Alex Wood:
Gallery 223 was created by contemporary British artist Tom Leamon, who has spent his artistic career transforming disused and unusual spaces into multi- purpose creative spaces. Tom is extremely passionate about art but more predominantly about the environment in which it is created.

Since Tom has moved to Portugal to set up an artist residency program called ‘The Beekeepers’, I have created a pop-up exhibition program called ‘223 Presents’. My aim is to facilitate artistic development and reputation whilst maintaining the autonomy of the artist and the gallery’s identity as an open and diverse space. What sets us apart is that artists remain independent and join our Arts Club membership scheme facilitating them to expand their practice by supplying them with material and the space to create and exhibit. The setting of the gallery also allows for a unique interaction with the art; one that is intimate but also more accessible. 


London Calling: '223 Presents' aims to give a platform to young and emerging artists. Is London a difficult city to be an emerging artist in? Do you think other galleries can do more to help?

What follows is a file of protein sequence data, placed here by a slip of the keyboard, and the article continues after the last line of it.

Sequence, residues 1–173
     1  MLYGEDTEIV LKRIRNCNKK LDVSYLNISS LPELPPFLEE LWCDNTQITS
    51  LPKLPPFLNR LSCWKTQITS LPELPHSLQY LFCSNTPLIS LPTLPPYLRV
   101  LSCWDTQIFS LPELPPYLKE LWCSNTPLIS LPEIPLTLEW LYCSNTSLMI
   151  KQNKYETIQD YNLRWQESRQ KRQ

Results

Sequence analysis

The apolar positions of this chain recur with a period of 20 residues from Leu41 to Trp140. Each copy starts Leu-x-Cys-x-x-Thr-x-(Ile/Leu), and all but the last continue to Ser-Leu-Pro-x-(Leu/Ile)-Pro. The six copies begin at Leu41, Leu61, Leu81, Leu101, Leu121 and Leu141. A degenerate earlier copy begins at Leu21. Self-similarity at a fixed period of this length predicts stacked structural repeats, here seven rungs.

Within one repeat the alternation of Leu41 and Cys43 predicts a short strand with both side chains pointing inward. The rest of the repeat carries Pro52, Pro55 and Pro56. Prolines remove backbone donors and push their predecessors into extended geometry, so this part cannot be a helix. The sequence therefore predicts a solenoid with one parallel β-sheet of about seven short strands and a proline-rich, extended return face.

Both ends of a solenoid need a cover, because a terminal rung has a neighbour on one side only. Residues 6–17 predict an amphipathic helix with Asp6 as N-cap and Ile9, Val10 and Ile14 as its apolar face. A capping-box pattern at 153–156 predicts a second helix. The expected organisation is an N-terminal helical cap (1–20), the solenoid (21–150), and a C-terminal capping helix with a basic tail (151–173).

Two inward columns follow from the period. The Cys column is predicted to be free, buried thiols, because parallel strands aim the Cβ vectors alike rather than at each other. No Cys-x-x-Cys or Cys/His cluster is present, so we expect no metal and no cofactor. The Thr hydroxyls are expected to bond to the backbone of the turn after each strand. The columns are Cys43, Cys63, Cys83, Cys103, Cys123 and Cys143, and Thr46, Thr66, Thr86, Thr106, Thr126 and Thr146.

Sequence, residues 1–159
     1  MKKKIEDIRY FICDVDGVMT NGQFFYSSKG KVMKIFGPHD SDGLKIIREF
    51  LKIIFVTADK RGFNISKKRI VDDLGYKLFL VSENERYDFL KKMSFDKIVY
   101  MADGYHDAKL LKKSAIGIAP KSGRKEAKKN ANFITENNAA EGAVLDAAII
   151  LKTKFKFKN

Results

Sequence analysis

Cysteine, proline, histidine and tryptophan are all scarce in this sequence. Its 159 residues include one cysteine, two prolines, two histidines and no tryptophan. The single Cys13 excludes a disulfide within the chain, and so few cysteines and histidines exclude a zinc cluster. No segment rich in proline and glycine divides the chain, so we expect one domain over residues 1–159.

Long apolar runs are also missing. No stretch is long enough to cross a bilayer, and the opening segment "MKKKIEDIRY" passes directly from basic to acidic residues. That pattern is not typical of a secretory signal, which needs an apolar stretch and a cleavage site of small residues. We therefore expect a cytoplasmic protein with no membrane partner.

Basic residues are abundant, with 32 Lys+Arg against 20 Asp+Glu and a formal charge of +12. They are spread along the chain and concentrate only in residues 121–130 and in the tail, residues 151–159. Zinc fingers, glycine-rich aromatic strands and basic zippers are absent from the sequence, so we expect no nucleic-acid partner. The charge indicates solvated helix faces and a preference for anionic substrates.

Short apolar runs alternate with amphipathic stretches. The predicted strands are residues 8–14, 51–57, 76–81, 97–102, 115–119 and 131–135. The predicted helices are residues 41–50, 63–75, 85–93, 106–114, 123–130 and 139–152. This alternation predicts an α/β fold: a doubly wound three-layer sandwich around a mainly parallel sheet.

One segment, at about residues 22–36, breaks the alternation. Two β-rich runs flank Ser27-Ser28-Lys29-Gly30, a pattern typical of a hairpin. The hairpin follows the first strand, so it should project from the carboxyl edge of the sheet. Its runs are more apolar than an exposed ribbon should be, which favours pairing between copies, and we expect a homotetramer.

AW: I think it’s hard for emerging artists anywhere. Often ‘making it’ for an artist comes with a loss of control and high commission rates on sales. 223 Presents was set up to facilitate artists with the space and the platform to showcase and explore their practice. I work collaboratively with artists and aim to put on exhibitions with curatorial focus. I encourage artists to set up a discussion throughout their work rather than just present a static display of a current collection. In that sense the exhibition is a beginning not an end. 

Claudia and Edward’s exhibition ‘Interface’ is a fantastic example of that. Their work is thoughtful, and the show as a whole has a strong focus. To me their work is like what I would imagine relics of our time to look like. They consider devices that are integral to our experience of the world today and reveal how our perception is in some ways framed and co-ordinated.

223 Presents: INTERFACE is on until 31st May. For more information about the exhibition and the gallery, please see the gallery website.